Vienna circle


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Vienna circle

see LOGICAL POSITIVISM.

Vienna Circle

 

a philosophical circle in which the foundations of logical positivism were developed. It formed (in 1922) around the Austrian physicist M. Schlick (the successor of E. Mach in the chair of philosophy at the University of Vienna). The circle included O. Neurath, H. Hahn, F. Waismann, K. Gödel, F. Kaufmann, V. Kraft, and H. Feigl; it was frequently visited by P. Frank, C. Hempel, and later, A. Ayer. In 1926, R. Carnap was invited into the circle. The principles of the positivist orientation of the Vienna circle, which denied the cognitive meaning of all previous philosophy, were supplemented by the specifically Machist assertion of the “neutrality” of the empirical material of science. Fundamental to the ideas of the Vienna circle was the desire to reduce philosophical problems to problems of formal logic and to concentrate on the logical analysis of the language of science, using the apparatus of mathematical logic as the means of analysis. Thus, the Vienna circle was merging positivism with various trends in the philosophy of mathematics (logicism, mathematical formalism, and so on); the members of the Vienna circle made an attempt to combine the method of verifiability with the “method of logical analysis” and create, on this basis, a single, unified science embracing both knowledge in the natural sciences and knowledge in the humanities. In 1929 the Vienna circle published its program document, The Scientific World View: The Vienna Circle. By 1930 (at the seventh International Congress of Philosophy in Oxford) the Vienna circle had taken official shape and had established organizational and ideological ties with other schools, groups, and trends such as the Berlin Society for Empirical Philosophy, the Lvov-Warsaw school, the Cambridge analysts (England), the Uppsala school (Sweden), and the Münster school of logic, as well as individual philosophers. The circle published the specialized journal Erkenntnis (1930-39) and held a number of congresses (the first in 1929 in Prague; the second, 1930 in Königsberg; the third, 1934 in Prague; the fourth, 1935 in Paris; the fifth, 1936 in Copenhagen; the sixth, 1937 in Paris; the seventh, 1938 in Cambridge, Great Britain; the eighth, 1939 in Cambridge, USA) and conferences; its members participated actively in all international symposia. The International Encyclopedia of Unified Science and the Library of the Unified Science Series were published from 1938. The Vienna circle ceased to exist at the start of World War II. Its leading representatives—by this time, in exile—began to establish individual schools of philosophy in various countries, particularly in the USA and Great Britain.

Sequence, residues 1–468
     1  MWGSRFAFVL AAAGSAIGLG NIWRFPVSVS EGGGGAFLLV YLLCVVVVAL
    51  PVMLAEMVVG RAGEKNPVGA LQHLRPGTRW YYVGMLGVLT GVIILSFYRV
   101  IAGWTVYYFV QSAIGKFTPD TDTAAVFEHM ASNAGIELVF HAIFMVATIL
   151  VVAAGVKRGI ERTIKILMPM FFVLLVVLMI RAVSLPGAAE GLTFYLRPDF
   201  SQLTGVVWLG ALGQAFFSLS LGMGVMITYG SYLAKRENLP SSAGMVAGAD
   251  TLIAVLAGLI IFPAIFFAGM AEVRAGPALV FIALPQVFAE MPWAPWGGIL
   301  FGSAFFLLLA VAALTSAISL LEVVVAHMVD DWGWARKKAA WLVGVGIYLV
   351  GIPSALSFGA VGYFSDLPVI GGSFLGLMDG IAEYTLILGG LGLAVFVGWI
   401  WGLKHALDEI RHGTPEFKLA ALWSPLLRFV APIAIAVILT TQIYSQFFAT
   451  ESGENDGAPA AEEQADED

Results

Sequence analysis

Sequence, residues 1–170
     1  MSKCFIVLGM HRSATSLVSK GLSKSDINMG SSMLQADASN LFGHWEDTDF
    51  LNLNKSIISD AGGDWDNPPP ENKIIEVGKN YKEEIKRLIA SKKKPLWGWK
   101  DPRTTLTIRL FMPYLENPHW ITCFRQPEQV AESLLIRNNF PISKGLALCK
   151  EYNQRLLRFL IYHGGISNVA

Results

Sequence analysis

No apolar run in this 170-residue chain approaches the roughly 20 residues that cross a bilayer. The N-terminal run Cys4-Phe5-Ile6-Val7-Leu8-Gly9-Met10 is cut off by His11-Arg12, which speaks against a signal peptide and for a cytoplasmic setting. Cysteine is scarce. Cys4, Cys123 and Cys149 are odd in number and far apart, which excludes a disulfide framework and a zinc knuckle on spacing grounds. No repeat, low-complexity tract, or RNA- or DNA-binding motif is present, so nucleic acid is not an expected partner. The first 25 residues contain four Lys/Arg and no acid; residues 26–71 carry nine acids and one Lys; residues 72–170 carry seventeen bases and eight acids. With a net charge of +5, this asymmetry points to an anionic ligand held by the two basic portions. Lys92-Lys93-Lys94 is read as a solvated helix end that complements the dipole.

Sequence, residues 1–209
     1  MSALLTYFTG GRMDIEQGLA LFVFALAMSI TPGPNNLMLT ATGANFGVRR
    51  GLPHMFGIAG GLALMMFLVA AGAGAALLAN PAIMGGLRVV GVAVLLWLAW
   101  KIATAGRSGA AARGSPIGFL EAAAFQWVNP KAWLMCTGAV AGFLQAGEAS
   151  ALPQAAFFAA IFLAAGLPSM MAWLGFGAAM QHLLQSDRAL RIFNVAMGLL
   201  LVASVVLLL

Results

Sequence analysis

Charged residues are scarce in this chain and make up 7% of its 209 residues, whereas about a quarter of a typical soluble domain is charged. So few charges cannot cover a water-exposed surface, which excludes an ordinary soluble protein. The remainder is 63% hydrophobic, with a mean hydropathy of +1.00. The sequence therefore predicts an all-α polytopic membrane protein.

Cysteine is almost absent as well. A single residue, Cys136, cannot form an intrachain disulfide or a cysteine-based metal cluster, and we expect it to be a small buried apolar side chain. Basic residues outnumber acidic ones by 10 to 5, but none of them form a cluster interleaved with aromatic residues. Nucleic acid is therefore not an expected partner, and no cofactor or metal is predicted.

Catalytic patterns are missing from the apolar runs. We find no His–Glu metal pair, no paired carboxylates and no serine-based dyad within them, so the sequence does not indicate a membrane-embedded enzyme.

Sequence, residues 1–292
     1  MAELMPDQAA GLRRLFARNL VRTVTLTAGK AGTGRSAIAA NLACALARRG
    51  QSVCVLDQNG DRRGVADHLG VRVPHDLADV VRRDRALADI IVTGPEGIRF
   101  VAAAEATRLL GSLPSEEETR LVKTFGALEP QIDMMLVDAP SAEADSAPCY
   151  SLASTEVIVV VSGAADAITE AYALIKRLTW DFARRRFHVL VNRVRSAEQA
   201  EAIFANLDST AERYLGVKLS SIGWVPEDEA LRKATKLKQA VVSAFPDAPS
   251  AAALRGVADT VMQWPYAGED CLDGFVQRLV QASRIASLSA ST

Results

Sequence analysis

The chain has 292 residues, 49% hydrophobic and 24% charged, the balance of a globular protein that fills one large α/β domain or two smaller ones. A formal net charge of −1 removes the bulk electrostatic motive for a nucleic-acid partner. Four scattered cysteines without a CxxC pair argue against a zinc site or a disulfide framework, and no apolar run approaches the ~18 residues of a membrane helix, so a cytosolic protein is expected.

REFERENCES

Narskii, I. S. Ocherki po istorii pozitivizma. [Moscow,] 1960.
Neurath, O. Le Développement du cercle de Vienna et l’avenir de l’empirisme logique. Paris, 1935.
Kraft, V. Der Wiener Kreis. Vienna, 1950.
Kraft, V. Vienna circle. New York, 1953.

V. V. MSHVENIERADZE

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1) and describes Wittgenstein's logical atomism of the Tractatus as the culmination of the first phase and the primary source of the next two phases that he gives as Cambridge philosophy of the 1920s and 1930s under Ramsey, Braithwaite and Wisdom, and the logical empiricism of the Vienna Circle. The second phase was short-lived and the third, with a focus on the logic of scientific language, was interrupted by the Nazis.

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